This key is connected back to that idea that none of us want to be treated like mushrooms - kept in the dark and fed manure! If we agree with the concept that your people want to do a good job and are looking to find connection and meaning, then providing regular and clear guidance is key to helping that happen.
No News Is Not Good News
The lack of this needed guidance is something I see frequently. We all feel that we do a good job communicating with our teams and with each other. The best advice I ever received was that if we felt we were doing a good job of communicating then take those efforts and multiply by ten and you would be getting close to effective communication.
Some companies have done an excellent job of addressing part of this by providing mentor programs. While this helps new staff in particular learn the company culture (hopefully the one you want them to learn) it does not replace the things that you as their leader need to provide them.
Setting Staff Up For Failure
No one wants to bump into a policy or expectation they did not know about. (Remember they all want to do a good job.) And nothing is as disheartening as when that happens. I recall many times walking onto a site, shop floor, or office to find someone frustrated and paralyzed to inactivity because they were not sure what they were supposed to do next. They did not want to do the wrong thing and they also did not want to "pester" the boss. It's like the old safety joke - nobody moves, nobody gets hurt.
Clarity Of Expectation – Vital To Performance
Research shows that leaders can drive up employee engagement through regular communication of expectations. According to Gallup - "Employees whose managers hold regular meetings with them are almost three times as likely to be engaged as employees whose managers do not hold regular meetings with them. As well engagement is highest among employees who have some form (face to face, phone or digital) of daily communication with their managers. In their Q12 research, Gallup has discovered that clarity of expectations is perhaps the most basic of employee needs and is vital to performance. Helping employees understand their responsibilities may seem like "management 101," but employees need more than a written job description to fully grasp their role. Great managers don't just tell employees what's expected of them and leave it at that; instead, they frequently talk with employees about their responsibilities and progress. They don't save those critical conversations for once-a-year performance reviews." Jim Harter, Ph.D - Gallup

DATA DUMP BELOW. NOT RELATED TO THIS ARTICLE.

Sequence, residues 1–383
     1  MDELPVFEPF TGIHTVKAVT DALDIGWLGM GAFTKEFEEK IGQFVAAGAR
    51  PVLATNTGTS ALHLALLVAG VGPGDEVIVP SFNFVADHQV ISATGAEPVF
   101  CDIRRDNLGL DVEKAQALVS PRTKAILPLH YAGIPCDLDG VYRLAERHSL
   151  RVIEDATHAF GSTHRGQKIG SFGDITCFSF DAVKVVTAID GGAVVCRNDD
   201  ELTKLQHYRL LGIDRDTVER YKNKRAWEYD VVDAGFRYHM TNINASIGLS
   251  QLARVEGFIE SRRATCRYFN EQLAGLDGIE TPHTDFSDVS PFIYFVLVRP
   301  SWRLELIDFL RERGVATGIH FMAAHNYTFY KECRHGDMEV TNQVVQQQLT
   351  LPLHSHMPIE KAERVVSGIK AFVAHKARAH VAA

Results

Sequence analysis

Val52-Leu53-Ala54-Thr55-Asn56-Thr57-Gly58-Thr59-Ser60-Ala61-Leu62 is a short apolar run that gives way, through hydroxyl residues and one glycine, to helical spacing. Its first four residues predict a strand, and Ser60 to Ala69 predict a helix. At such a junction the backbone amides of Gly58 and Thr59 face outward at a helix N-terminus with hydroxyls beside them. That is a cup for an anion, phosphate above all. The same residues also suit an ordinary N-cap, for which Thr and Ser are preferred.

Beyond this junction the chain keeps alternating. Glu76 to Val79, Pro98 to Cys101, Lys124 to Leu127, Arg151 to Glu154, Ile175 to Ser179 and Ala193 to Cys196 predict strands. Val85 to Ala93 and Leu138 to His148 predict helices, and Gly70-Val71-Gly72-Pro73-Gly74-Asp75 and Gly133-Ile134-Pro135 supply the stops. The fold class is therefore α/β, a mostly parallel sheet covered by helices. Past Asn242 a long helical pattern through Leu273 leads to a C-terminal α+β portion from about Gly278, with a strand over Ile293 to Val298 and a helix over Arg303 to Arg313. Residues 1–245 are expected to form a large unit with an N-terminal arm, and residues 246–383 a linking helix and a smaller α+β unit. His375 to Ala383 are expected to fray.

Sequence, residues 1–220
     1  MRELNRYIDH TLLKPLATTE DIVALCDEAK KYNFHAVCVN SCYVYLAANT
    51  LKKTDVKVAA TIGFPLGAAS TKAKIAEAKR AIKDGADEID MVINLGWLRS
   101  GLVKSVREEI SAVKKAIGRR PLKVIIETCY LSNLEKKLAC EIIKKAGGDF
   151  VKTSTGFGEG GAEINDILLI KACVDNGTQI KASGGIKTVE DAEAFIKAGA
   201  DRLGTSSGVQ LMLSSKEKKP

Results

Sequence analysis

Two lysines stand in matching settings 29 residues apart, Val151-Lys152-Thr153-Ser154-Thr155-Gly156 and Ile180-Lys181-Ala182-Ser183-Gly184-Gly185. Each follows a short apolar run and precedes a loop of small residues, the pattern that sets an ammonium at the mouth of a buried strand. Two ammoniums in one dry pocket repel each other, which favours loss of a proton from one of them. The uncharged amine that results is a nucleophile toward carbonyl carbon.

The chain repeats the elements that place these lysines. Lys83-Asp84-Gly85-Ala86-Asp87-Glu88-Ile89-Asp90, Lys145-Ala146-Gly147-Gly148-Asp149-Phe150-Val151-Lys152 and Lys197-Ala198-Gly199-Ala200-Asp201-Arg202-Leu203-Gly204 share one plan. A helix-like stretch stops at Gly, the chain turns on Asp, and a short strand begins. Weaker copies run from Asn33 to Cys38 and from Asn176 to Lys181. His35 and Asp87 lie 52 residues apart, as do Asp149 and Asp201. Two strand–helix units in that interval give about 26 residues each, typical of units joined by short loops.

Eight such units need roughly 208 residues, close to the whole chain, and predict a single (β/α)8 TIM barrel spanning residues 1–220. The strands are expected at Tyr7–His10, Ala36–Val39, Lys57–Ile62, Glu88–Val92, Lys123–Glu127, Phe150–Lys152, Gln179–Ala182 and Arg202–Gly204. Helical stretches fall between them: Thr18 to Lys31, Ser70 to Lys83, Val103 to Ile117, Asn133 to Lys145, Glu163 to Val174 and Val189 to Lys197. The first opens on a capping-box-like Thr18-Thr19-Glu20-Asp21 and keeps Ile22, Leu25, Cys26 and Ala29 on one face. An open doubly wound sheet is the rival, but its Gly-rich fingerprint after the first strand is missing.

A Little Time – A Big Return
The bottom line is that as a leader you must be intentional about providing regular and clear guidance to your team. It is something that produces far greater benefits with the investment of a bit of your time. Performance Leadership - Think About It!
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